The production at Tonnellerie La Grange is unique in the way that the relationship to the material and the finished product is not the same as in a mechanized cooperage. Handwork at all stages of the production creates a special feeling between the cooper and the barrels he makes. The time spent reading the wood, shaping the parts, optimizes the raw material but makes it more difficult to handle breakages or leaks on the finished products.

For now, the coopers at La Grange are training themselves by making bentwood objects and small containers (buckets, vinegar jars, kegs and quarters). Mickaël notes that if “the base is identical, no object is the same in terms of finishes in terms of strapping, manufacturing details such as the height or shape of the rim. Each object bears the mark of the cooper who produced it. And since the coopers at La Grange already have a lot of experience, I push them to their limits by encouraging them to be daring. Because some small manufacturing defects can be caught up with the heating. It is up to each cooper to create his own level of tolerance. It is essential to give them this freedom during their training because I do not want them to do “Mickaël” during their career. I want to see “Dany”, “Antoine”, “Romain”. But you have to be realistic. We can afford this luxury because they are only three to train at La Grange.”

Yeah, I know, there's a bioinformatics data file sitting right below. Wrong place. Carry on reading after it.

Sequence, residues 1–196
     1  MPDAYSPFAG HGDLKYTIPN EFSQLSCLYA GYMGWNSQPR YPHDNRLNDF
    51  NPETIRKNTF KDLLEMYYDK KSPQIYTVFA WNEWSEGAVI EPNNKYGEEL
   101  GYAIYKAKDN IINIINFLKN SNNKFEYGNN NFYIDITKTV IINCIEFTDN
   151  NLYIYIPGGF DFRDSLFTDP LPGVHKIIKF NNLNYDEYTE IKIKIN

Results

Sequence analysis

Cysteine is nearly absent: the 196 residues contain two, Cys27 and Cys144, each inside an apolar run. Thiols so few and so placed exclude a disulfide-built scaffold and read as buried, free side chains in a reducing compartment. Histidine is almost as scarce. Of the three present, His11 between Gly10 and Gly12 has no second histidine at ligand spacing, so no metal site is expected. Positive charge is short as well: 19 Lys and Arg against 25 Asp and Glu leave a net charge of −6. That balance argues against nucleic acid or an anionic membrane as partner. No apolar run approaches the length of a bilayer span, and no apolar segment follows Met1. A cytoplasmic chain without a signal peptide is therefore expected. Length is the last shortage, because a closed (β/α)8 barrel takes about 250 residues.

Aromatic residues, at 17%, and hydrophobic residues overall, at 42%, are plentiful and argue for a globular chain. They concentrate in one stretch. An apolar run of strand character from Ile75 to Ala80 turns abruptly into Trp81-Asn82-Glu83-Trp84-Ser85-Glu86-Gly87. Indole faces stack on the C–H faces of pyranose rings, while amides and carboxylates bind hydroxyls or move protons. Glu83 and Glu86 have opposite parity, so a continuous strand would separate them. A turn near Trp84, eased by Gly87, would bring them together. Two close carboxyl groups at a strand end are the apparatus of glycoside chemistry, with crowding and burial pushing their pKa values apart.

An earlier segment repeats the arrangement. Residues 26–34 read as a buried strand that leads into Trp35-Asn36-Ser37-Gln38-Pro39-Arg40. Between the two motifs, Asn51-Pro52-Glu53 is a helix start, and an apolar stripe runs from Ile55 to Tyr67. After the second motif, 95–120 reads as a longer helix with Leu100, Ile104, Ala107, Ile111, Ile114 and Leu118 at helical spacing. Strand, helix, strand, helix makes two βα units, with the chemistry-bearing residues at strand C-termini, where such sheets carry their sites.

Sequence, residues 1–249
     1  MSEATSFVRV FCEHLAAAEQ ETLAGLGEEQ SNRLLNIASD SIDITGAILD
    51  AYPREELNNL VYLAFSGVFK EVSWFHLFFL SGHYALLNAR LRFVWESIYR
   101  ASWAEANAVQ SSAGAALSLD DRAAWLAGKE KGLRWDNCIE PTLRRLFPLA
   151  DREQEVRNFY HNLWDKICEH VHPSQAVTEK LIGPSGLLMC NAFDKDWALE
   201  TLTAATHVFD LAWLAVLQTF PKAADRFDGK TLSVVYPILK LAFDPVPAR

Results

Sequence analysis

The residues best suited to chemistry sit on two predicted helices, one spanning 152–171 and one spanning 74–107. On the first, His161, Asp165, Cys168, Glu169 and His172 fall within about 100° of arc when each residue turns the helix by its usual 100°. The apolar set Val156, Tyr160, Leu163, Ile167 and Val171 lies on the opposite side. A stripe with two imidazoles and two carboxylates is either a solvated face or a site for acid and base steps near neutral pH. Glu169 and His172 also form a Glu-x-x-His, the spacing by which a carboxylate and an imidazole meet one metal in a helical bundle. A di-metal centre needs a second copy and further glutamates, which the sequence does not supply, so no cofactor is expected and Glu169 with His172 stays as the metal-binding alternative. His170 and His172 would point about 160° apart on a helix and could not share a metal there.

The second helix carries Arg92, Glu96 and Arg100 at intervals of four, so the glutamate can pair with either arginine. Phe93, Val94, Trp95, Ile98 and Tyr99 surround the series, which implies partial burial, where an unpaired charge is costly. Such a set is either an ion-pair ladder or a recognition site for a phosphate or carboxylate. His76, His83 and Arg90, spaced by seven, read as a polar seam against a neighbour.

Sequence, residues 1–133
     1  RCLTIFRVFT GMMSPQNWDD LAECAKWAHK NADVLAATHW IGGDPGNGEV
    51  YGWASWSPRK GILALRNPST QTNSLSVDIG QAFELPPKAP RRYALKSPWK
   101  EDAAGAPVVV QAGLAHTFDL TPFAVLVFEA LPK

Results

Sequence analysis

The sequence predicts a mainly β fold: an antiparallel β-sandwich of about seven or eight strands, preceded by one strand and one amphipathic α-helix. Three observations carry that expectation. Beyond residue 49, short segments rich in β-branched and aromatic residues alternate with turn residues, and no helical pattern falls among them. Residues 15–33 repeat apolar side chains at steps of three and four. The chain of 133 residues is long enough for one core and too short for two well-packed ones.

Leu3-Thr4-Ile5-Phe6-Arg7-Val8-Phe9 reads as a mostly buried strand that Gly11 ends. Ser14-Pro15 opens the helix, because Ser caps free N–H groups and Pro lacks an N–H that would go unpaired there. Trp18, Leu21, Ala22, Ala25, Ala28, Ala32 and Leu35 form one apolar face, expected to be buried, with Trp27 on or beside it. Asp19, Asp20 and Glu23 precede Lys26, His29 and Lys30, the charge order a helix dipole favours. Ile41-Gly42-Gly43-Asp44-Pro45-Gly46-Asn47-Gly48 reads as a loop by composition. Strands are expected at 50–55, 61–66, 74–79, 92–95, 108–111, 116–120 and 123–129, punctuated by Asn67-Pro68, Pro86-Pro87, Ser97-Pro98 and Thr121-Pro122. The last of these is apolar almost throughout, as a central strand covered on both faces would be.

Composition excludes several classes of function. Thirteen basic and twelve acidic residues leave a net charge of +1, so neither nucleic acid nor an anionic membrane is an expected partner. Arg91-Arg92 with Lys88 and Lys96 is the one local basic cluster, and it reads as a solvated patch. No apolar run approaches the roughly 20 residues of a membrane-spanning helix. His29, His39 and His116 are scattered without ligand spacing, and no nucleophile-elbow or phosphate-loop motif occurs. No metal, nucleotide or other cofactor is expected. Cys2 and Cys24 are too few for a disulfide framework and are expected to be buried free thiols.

The size of the factory allows Mickaël to provide support on a case-by-case basis, depending on each person’s skills and knowledge. In this, Mickaël has sometimes more leeway at La Grange than at the CFA where he currently follows 13 young apprentices.

At the same time, Mickaël is supporting Alexandre Zefner, workshop manager at La Grange in his presentation for the MOF (Meilleur Ouvrier de France) competition which he will present during the next session.

A competition that Mickaël will perhaps present himself one day. But for the moment, he does not wish to project himself beyond his commitment to the CFA of Beaune and La Tonnellerie La Grange: “In a year and a half, a lot can change. Then I will want to take a break, to travel. Or why not take part in an interesting overseas workshop project like the one I worked on for Panamanian rum. Afterwards, I like the training and the transmission very much. I really enjoy following the apprentices and watching them grow. So why not continue along this path… but in a framework other than the one from the CFA.” A journey that we will follow, whatever his future direction is, with the greatest interest.

 

Training and transmission are essential to sustain the know-how of the Charlois group. They are at the heart of its social policy. And it is in this spirit that the group called on Mickaël Mariaud to perfect the training and knowledge of the coopers at Tonnellerie La Grange. Alexandre, Antoine, Dany and Romain thus benefit from his experience. He accompanies them individually, depending on each individual’s background, in mastering the techniques, gestures and know-how of the art of the cooper.

 

*Duty and Tour de France’s companion

 

Visual: The coopers of La Grange. From left to right : Romain (crouch), Antoine, Alexandre, Mickaël and Dany